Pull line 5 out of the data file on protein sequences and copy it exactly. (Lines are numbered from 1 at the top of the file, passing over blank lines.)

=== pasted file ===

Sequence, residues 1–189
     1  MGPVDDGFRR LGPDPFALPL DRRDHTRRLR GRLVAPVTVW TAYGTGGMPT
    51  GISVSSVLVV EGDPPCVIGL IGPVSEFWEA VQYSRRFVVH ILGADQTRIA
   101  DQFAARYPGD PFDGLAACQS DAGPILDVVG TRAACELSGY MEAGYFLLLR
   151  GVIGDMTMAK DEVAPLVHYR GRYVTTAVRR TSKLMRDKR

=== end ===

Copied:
   151  GVIGDMTMAK DEVAPLVHYR GRYVTTAVRR TSKLMRDKR